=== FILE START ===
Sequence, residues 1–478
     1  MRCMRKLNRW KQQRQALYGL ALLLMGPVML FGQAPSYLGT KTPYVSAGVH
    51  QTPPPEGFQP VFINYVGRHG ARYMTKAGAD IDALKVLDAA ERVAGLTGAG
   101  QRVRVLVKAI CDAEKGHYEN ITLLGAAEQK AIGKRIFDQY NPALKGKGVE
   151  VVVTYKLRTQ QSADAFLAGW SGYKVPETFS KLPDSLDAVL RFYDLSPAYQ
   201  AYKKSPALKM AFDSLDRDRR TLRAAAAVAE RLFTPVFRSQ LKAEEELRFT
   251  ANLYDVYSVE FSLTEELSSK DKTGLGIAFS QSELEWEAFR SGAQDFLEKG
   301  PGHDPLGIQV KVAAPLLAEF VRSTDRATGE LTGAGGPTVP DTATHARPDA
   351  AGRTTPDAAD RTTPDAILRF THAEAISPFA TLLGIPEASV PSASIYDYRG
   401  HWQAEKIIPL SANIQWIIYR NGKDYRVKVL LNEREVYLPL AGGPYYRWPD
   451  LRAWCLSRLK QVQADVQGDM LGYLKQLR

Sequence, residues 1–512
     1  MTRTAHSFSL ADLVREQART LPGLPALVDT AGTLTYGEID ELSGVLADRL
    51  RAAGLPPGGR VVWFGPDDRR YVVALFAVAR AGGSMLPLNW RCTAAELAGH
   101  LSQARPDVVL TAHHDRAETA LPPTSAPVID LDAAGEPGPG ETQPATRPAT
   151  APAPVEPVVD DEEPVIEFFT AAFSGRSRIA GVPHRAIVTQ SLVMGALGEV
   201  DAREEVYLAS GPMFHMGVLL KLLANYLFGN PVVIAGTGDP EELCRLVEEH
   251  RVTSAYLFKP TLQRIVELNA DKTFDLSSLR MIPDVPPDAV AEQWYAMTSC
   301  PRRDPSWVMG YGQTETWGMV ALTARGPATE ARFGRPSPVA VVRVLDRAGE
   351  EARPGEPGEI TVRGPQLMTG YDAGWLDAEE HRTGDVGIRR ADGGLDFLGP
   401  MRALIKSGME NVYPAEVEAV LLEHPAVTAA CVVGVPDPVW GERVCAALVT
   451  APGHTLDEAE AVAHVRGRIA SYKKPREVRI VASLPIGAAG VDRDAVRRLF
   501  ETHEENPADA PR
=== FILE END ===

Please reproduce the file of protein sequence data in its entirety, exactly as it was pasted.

Sequence, residues 1–478
     1  MRCMRKLNRW KQQRQALYGL ALLLMGPVML FGQAPSYLGT KTPYVSAGVH
    51  QTPPPEGFQP VFINYVGRHG ARYMTKAGAD IDALKVLDAA ERVAGLTGAG
   101  QRVRVLVKAI CDAEKGHYEN ITLLGAAEQK AIGKRIFDQY NPALKGKGVE
   151  VVVTYKLRTQ QSADAFLAGW SGYKVPETFS KLPDSLDAVL RFYDLSPAYQ
   201  AYKKSPALKM AFDSLDRDRR TLRAAAAVAE RLFTPVFRSQ LKAEEELRFT
   251  ANLYDVYSVE FSLTEELSSK DKTGLGIAFS QSELEWEAFR SGAQDFLEKG
   301  PGHDPLGIQV KVAAPLLAEF VRSTDRATGE LTGAGGPTVP DTATHARPDA
   351  AGRTTPDAAD RTTPDAILRF THAEAISPFA TLLGIPEASV PSASIYDYRG
   401  HWQAEKIIPL SANIQWIIYR NGKDYRVKVL LNEREVYLPL AGGPYYRWPD
   451  LRAWCLSRLK QVQADVQGDM LGYLKQLR

Sequence, residues 1–512
     1  MTRTAHSFSL ADLVREQART LPGLPALVDT AGTLTYGEID ELSGVLADRL
    51  RAAGLPPGGR VVWFGPDDRR YVVALFAVAR AGGSMLPLNW RCTAAELAGH
   101  LSQARPDVVL TAHHDRAETA LPPTSAPVID LDAAGEPGPG ETQPATRPAT
   151  APAPVEPVVD DEEPVIEFFT AAFSGRSRIA GVPHRAIVTQ SLVMGALGEV
   201  DAREEVYLAS GPMFHMGVLL KLLANYLFGN PVVIAGTGDP EELCRLVEEH
   251  RVTSAYLFKP TLQRIVELNA DKTFDLSSLR MIPDVPPDAV AEQWYAMTSC
   301  PRRDPSWVMG YGQTETWGMV ALTARGPATE ARFGRPSPVA VVRVLDRAGE
   351  EARPGEPGEI TVRGPQLMTG YDAGWLDAEE HRTGDVGIRR ADGGLDFLGP
   401  MRALIKSGME NVYPAEVEAV LLEHPAVTAA CVVGVPDPVW GERVCAALVT
   451  APGHTLDEAE AVAHVRGRIA SYKKPREVRI VASLPIGAAG VDRDAVRRLF
   501  ETHEENPADA PR